As a Missouri auto defect attorney, I have followed the news about the Toyota sudden acceleration problems with great interest. As you might remember, regulators focused their attention on Toyota vehicles in 2009 after evidence emerged showing that Toyotas had an unusual number of accidents blamed on acceleration the drivers didn’t intend. The automaker initially blamed floor mats for trapping gas pedals, then “sticky” gas pedals, and recalled millions of Toyota and Lexus models to fix those problems. But some observers believe the real problem is with newer cars’ electronic throttles, also known as “drive by wire,” malfunctioning without a clear way for drivers to override them. That’s the theory behind product defect lawsuits filed by seven insurance companies against Toyota on Dec. 30.
According to the Los Angeles Times, the insurers are seeking to recover insurance payments made to their customers in crashes they believe were caused by defects in Toyota vehicles. They are claiming damages in excess of $230,000 from 14 crashes, but say as many as 725 crashes may have been caused by unintended acceleration. In the lawsuits, the insurance companies say the problem comes from defects in Toyota’s products, and that Toyota could have fixed it by including an override system that idles the vehicle when the gas and brake are both pressed. Evidence shows that Toyota discussed this solution with federal regulators as early as 2007 — but didn’t implement it until 2010. The same legal theory is behind a slew of lawsuits by accident victims, which are consolidated in California federal court and still pending. Toyota was also sued by Allstate Insurance three months ago.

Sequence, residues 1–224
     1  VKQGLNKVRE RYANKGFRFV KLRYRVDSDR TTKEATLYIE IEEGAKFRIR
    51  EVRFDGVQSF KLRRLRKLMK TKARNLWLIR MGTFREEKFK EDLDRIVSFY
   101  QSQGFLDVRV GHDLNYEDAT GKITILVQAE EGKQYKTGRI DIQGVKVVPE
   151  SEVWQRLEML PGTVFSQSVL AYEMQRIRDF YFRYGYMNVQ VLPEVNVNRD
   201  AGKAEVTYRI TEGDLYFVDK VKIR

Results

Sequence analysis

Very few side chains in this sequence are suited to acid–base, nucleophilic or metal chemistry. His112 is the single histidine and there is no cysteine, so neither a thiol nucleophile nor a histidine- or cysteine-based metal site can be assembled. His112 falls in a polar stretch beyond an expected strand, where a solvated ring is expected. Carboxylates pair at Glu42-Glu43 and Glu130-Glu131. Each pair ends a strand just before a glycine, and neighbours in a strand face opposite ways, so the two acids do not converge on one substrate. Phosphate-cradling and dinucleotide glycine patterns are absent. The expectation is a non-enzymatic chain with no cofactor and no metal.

The new lawsuits indicate to me, as a St. Louis car crash lawyer, that all of these lawsuits are likely on the right track. Individuals may or may not choose to sue for emotional reasons, but when a business like an insurance company files a claim, it’s likely because that business thinks it’s worth the financial risk. That bodes well for everyone making the claims against Toyota. If records show the automaker considered putting in a safety override to its electronic throttle system three years before it actually did so, that could look a lot to a jury like a decision to place finances ahead of its customers’ safety. And as other automakers know, that is unlikely to impress a jury favorably. After all the claims are finished, Toyota is likely to be on the hook for millions of dollars, not just the money the insurers claimed.
Under state product defect law, auto manufacturers are no different from other manufacturers of consumer products, like clothes and food. All of them have a legal obligation to make sure their products are safe to use, or warn customers about safety defects. When automakers fail to do this, not even the safest drivers can prevent accidents. Carey, Danis & Lowe has substantial experience representing victims of defective products as well as victims of auto accidents, so we understand the legal and personal ramifications of both types of claim. Our southern Illinois defective auto attorneys can help clients claim the full costs of their injuries. That includes financial costs like medical bills and lost wages as well as compensation for physical injuries, emotional trauma and any permanent disability or wrongful death.
If you believe you or someone in your family was seriously hurt in an accident caused by a Toyota or Lexus that accelerated without warning — or any other defective vehicle — you should call Carey, Danis & Lowe today for help. To learn more or set up a free consultation, call us toll-free at 1-877-678-3400 or send us an email.